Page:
Because any aftercare plan is designed to address the specific needs of an individual addict, no two plans are alike. Treatment plans can have similar components, but they will always address the needs of each addict. Here are some common components of a typical aftercare plan:

Ongoing Counseling

Therapy is essential in addiction treatment due to its efficacy. During cognitive behavioral therapy, “clients learn to evaluate their thoughts, attitudes and behaviors and replace those that are harmful with those that are healthy and productive. They also develop an array of coping skills and strategies for handling stress and other triggers that can quickly lead to relapse.”

Sober Living Community

Sober living communities, sometimes known as sober houses or halfway houses, give the functioning addict a safe place to live immediately following treatment. These facilities are designed for people transitioning from inpatient treatment back to everyday living. These residences offer both structure and support.

These types of facilities are particularly useful for functioning addicts who don’t have a secure, drug-free living environment. Sober homes have strict rules about abstinence and often test for drugs or alcohol regularly. Residents must participate in house meetings and attend support group sessions, such as a local AA or NA group. The facilities also help to foster healthy lifestyle changes by offering workout facilities or providing a gym membership and encouraging other aspects of self-care.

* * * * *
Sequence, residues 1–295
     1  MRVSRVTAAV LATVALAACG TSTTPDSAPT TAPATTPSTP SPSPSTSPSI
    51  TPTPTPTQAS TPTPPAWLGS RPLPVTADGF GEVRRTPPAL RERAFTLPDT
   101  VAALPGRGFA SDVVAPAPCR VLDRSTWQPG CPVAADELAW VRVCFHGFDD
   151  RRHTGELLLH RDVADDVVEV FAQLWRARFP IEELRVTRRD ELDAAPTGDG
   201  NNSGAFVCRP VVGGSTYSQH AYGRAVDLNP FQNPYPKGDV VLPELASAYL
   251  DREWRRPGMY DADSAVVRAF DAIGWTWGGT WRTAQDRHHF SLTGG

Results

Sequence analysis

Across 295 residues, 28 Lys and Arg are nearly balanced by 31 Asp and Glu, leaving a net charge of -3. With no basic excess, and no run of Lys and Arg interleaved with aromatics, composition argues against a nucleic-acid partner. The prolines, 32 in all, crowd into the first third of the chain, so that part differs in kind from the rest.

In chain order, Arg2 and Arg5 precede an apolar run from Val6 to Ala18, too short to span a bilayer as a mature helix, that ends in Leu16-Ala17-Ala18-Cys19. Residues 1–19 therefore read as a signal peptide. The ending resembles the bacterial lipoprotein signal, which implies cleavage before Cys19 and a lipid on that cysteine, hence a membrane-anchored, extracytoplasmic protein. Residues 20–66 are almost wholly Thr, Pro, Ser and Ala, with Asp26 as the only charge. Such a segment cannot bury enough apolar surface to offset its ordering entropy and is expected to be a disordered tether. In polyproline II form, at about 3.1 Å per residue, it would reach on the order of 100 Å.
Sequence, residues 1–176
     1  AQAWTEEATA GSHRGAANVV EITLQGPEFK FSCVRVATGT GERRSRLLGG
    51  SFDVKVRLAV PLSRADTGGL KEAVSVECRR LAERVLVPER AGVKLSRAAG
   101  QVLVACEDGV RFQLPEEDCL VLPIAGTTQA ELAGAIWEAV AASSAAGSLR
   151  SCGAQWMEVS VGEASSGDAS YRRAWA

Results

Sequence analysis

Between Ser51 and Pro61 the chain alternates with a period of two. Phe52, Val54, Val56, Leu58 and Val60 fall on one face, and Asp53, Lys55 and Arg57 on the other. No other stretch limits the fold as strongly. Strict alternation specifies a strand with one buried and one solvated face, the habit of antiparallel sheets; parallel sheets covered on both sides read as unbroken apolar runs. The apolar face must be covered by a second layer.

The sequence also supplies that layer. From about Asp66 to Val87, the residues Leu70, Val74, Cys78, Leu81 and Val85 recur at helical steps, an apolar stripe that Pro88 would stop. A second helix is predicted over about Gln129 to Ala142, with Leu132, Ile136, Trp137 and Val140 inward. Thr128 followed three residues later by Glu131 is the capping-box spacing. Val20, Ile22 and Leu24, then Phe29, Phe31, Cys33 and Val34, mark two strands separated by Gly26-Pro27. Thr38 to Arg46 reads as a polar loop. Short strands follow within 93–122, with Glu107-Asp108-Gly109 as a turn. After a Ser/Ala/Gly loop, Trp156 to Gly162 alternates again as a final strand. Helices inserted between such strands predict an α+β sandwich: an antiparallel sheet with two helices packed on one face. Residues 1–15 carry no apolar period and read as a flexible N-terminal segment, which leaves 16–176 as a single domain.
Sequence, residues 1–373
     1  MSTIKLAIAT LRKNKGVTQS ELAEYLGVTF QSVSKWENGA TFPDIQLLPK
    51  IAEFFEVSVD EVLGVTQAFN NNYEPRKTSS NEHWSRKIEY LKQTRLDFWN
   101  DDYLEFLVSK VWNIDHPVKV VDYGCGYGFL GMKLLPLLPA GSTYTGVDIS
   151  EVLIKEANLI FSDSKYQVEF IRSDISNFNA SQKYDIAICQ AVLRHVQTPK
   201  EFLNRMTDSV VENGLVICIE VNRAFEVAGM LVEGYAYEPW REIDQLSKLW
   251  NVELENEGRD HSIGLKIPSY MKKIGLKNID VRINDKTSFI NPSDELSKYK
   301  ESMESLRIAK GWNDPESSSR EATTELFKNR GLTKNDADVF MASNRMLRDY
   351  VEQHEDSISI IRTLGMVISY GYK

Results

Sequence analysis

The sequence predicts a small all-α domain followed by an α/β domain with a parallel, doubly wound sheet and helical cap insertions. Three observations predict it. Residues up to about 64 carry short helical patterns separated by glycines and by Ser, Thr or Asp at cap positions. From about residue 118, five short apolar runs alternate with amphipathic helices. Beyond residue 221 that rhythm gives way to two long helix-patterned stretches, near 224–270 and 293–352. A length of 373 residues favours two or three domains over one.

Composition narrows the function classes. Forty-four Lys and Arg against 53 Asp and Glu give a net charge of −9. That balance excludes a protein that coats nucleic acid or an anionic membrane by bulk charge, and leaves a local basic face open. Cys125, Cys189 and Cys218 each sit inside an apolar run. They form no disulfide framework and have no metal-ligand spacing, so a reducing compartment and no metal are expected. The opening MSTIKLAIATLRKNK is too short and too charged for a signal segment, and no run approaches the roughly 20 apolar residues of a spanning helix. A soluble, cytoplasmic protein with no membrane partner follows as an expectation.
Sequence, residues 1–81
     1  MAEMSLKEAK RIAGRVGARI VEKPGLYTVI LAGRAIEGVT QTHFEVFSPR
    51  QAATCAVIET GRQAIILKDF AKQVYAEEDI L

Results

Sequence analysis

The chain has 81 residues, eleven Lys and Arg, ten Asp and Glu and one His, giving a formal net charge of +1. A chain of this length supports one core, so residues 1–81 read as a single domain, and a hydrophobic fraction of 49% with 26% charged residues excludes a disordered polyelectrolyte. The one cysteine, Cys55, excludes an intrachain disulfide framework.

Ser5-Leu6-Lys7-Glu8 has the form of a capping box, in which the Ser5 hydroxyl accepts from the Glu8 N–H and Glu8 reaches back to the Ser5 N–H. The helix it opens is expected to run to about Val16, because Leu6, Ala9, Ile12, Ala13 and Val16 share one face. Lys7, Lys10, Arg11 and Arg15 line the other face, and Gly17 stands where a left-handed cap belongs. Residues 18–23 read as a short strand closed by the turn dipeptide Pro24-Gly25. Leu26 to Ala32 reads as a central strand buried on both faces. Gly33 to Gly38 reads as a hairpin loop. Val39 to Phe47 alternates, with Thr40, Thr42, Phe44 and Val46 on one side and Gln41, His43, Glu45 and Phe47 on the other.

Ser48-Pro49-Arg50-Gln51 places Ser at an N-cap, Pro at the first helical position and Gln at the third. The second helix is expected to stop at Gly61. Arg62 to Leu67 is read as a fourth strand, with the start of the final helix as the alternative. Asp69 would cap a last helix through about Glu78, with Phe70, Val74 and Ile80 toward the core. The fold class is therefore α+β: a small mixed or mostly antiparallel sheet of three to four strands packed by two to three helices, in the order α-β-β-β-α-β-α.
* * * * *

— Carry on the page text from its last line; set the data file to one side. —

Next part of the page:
Family Therapy

According to the Substance Abuse and Mental Health Services Administration, “addiction is a family disease that leaves the family system in a state of chaos as it tries to compensate for the unhealthy behaviors of an addicted family member.” Reestablishing function in the family is a vital part of addiction treatment, and the aftercare treatment plan normally requires ongoing family therapy.

Participation in a 12-Step or Alternative Support Group

Peer support for functional addicts is an essential component of aftercare treatment strategies. Twelve-step programs like Alcoholics Anonymous and Narcotics Anonymous, and 12-step alternatives like Smart Recovery or Celebrate Recovery, offer high levels of support, “promote personal responsibility and accountability, and foster the development of healthy relationships with non-using peers.”

The studies conducted regarding success in a 12-step program are numerous. Most have come to the consensus that participation in these programs can significantly reduce the risk of relapse. The relationships built during these programs, with sponsors and accountability partners, greatly increase the chances of success when a functioning addict returns to daily living.

But more than anything, family support is the best way to help an addict remember why staying clean is the first priority.

Conclusion

It is important to remember that functioning addicts often think that they don’t have a problem at all. Recognizing the signs, getting the addict into treatment, and supporting them in their aftercare are essential to ensuring the functioning addict becomes clean, sober, and ready to start a new path in life. If a teenager in your life appears to be a functioning addict, reach out to see how Beachside can help!